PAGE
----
discern this

We are an Easter People, and even at the grave, Alleluia is our song.

“The good outnumber you, and we always will.” April 15, 2013

Filed under: Uncategorized — discernthis @ 11:05 pm

I heard about the bombings at the Boston Marathon when I checked Facebook during our break in class. I kept checking back in on various news sources throughout the next 90 minutes, wanting to know more, hoping, praying that it wouldn’t be an act of terror, knowing the chances of that were slim.

I had to go to work immediately after, so I didn’t have a chance to keep updated until I got home at almost 10pm. The pit in my stomach didn’t dissipate. I started looking for updates online. I tried to figure out what I’m feeling, what there is that can be said.

There are millions of people mourning tonight, lost in the sadness, trapped in cycles of fear and grief. There are thousands of people tonight working to treat those who were injured, physically or emotionally, by the bombings. There are hundreds of people, maybe more, who were in the race or the crowd and are now beginning to recover from those injuries. There are three people, according to the Boston Police Department, who are dead. We do not yet know their names.

We can offer our support in any number of ways: We can pray for the victims and the survivors. We can donate blood; reports abound of runners who went to hospitals upon learning of the explosions. We can give of our time, if we have the flexibility and appropriate skills. We can donate money; I’m sure there will be relief funds set up soon. We can light candles. We can wear racing shirts or Boston Marathon colors of yellow and blue tomorrow. We can call our family members and friends and tell them we love them.  We can join together and hold on to hope. We can remember that there is good in the world and that good outweighs the bad.

A number of friends have shared Patton Oswalt’s reflection, and I shall do the same. What else is there to say?


Boston. Fucking horrible.

I remember, when 9/11 went down, my reaction was, “Well, I’ve had it with humanity.”

But I was wrong. I don’t know what’s going to be revealed to be behind all of this mayhem. One human insect or a poisonous mass of broken sociopaths.

But here’s what I DO know. If it’s one person or a HUNDRED people, that number is not even a fraction of a fraction of a fraction of a percent of the population on this planet. You watch the videos of the carnage and there are people running TOWARDS the destruction to help out. (Thanks FAKE Gallery founder and owner Paul Kozlowski for pointing this out to me). This is a giant planet and we’re lucky to live on it but there are prices and penalties incurred for the daily miracle of existence. One of them is, every once in awhile, the wiring of a tiny sliver of the species gets snarled and they’re pointed towards darkness.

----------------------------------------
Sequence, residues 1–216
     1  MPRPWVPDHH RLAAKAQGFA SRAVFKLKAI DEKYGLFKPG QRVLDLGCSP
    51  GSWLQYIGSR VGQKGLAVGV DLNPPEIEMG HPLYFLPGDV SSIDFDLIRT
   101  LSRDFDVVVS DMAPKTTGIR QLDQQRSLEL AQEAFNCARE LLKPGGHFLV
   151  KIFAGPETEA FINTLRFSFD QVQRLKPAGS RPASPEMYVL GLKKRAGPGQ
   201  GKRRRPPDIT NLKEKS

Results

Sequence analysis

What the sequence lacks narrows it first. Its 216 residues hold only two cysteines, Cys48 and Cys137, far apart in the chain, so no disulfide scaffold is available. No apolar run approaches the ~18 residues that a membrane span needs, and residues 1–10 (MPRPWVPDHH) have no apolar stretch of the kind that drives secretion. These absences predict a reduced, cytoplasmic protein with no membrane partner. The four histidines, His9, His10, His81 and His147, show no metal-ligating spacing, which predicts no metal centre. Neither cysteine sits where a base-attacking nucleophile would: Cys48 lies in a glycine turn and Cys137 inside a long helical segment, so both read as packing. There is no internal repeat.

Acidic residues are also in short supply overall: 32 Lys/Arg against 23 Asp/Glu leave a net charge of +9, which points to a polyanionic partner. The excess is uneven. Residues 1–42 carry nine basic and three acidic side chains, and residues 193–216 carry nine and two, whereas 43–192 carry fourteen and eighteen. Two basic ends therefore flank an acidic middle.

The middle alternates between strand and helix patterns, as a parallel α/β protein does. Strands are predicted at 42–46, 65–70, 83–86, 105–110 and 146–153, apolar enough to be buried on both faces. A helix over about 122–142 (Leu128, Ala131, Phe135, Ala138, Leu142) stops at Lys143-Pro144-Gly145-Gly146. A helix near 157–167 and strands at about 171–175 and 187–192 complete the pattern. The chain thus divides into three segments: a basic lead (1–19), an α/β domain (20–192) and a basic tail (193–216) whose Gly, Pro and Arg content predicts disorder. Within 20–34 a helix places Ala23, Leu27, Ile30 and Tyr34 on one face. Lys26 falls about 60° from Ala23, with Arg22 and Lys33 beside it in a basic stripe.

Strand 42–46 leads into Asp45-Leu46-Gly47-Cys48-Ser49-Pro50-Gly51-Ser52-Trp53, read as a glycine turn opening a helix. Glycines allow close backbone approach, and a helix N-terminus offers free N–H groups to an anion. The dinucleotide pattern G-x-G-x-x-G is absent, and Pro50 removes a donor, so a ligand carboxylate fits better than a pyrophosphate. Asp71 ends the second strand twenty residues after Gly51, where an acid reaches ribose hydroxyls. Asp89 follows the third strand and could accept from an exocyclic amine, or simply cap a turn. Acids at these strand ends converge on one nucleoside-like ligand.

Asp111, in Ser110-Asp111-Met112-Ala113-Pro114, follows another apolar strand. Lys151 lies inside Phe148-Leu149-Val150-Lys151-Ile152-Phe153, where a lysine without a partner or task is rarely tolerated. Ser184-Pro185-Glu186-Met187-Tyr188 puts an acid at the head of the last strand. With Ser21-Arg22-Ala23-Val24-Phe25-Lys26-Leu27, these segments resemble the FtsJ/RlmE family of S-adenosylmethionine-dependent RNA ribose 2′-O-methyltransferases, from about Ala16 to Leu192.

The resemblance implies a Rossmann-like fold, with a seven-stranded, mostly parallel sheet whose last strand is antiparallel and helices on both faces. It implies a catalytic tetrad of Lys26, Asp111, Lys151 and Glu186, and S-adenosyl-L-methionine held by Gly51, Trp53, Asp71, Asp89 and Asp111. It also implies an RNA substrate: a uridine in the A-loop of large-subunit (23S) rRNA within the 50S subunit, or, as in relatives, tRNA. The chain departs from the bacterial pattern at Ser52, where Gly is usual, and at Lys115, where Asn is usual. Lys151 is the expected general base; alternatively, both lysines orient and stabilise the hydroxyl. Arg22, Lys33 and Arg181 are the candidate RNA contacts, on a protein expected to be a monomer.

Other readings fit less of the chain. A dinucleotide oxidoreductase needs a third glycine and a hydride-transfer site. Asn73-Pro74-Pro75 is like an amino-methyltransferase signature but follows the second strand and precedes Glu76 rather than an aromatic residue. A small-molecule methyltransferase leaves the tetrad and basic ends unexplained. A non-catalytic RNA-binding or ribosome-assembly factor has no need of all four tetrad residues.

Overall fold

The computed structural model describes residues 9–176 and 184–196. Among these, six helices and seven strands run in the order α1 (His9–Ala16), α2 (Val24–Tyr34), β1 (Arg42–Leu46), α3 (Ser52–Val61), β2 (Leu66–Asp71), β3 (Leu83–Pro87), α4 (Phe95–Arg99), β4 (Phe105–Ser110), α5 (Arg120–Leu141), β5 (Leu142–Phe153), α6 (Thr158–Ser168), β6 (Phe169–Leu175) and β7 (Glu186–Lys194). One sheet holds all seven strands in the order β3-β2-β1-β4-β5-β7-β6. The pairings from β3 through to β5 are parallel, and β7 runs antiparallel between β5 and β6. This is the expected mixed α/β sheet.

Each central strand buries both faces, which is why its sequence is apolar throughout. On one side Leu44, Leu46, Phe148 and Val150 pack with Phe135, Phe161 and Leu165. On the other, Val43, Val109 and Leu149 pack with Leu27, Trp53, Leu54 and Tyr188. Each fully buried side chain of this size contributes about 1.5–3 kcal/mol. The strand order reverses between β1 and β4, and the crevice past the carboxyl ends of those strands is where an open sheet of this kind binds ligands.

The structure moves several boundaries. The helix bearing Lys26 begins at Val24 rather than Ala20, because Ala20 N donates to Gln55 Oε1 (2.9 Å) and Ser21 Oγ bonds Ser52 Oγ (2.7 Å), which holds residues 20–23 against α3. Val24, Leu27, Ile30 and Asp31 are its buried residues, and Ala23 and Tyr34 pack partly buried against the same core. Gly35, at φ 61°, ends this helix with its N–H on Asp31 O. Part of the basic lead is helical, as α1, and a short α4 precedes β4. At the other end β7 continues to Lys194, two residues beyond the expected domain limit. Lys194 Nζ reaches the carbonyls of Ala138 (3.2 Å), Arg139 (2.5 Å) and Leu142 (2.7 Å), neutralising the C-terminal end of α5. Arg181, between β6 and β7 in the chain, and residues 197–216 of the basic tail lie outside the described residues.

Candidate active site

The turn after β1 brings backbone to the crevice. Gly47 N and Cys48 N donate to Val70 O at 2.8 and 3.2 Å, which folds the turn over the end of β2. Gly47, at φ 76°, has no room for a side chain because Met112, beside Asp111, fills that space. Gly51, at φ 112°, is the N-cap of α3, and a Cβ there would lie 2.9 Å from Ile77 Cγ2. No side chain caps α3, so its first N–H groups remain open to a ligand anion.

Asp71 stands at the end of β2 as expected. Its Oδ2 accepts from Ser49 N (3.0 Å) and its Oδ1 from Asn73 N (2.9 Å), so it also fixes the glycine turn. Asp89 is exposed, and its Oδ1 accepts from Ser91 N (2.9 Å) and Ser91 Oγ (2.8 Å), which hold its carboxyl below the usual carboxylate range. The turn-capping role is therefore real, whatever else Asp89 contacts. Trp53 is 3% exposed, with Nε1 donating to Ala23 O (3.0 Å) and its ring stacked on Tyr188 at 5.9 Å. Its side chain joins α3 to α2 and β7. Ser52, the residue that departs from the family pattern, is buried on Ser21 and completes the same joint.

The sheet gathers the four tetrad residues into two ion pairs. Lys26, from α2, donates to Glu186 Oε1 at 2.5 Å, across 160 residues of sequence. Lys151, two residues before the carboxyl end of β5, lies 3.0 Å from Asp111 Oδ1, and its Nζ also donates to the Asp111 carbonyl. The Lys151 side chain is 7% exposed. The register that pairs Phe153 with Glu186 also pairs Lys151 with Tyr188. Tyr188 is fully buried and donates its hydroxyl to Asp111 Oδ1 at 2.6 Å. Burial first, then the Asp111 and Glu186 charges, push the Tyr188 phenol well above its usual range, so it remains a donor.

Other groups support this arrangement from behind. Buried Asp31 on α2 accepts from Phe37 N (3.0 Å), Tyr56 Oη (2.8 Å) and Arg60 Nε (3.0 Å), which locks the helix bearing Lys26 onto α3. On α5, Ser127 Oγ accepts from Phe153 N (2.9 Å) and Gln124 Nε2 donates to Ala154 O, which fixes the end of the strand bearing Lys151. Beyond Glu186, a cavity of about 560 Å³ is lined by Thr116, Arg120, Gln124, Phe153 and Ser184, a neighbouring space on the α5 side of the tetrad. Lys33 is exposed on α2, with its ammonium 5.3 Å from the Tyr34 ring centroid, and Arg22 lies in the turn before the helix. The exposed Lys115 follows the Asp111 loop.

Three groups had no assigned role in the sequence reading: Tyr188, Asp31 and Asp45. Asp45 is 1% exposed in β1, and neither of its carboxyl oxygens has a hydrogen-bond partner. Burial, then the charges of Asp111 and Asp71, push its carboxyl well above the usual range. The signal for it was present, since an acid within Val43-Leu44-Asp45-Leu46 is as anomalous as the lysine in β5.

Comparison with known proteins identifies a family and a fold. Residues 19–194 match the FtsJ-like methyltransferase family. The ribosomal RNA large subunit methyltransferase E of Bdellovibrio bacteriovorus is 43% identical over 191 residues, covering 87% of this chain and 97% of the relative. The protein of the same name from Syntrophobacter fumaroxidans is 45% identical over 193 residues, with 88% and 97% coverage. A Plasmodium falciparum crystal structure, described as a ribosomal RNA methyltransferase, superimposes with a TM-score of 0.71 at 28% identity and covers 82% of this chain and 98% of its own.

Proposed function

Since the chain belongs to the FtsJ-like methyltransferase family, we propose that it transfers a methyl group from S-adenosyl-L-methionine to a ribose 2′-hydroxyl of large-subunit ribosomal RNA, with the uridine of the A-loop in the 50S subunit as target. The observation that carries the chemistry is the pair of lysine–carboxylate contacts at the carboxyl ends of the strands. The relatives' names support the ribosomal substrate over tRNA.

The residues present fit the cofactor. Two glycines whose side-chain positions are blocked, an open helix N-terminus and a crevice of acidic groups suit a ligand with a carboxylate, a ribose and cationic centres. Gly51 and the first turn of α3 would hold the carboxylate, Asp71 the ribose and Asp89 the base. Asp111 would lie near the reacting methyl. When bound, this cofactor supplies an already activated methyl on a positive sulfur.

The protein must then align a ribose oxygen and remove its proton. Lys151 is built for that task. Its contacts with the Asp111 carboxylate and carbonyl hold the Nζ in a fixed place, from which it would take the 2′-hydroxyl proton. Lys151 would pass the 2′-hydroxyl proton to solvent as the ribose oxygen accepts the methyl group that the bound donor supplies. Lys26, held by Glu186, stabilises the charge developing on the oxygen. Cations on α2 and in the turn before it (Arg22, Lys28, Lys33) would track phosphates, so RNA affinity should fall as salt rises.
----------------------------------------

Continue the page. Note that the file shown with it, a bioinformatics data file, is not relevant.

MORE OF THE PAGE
But the vast majority stands against that darkness and, like white blood cells attacking a virus, they dilute and weaken and eventually wash away the evil doers and, more importantly, the damage they wreak. This is beyond religion or creed or nation. We would not be here if humanity were inherently evil. We’d have eaten ourselves alive long ago.

So when you spot violence, or bigotry, or intolerance or fear or just garden-variety misogyny, hatred or ignorance, just look it in the eye and think, “The good outnumber you, and we always will.”


Peace, Perfect Peace. April 7, 2013

Filed under: Uncategorized — discernthis @ 7:02 pm

April 7, 2013 Second Sunday of Easter

Through the dark, cold, depressing, nearly snow-less winter, we held on to a hope that spring would eventually come. The season of Lent, through which we travel each year, promises us that there is light at the end and that on Easter Sunday, just as the lilies begin to open and the daffodils erupt from the earth, we will see the Resurrection. We will see the empty tomb. We will find that promise Jesus made to always be with us has been fulfilled.

As I read through the readings, I was struck deeply at the first reading from Acts. People believed in this weird message from a kid from a Podunk town. People loved him, trusted him so much that they took their loved ones who were ill and set them outside so that one of this kid’s friends could pass by. They had hope. They had faith. And their loved ones were cured.

Kevin and I spent the afternoon walking around his alma mater, Washington College, and he took me through the town cemetery that adjoins the campus. The oldest date we could read was 1772. As always when I find myself in a cemetery, I noticed how many of headstones that referenced Christ. “Peace, Perfect Peace,” one read. “Gone in body, with Jesus in spirit,” said another. Why do we do this?

In a moment filled with pain, grief, loss, we may find ourselves drawn to our faith. Really, what else do we have to hold on to? What else is there, than for us to place everything we have into God, to turn it over to God and say, ‘I got nothin’. This one’s on you.’ But that’s what God wants. That’s what it’s all about, isn’t it? Having hope? Trusting that somewhere, somehow, the pieces are going to fall together in a way that reminds us it’s not our time or our plans, but God’s?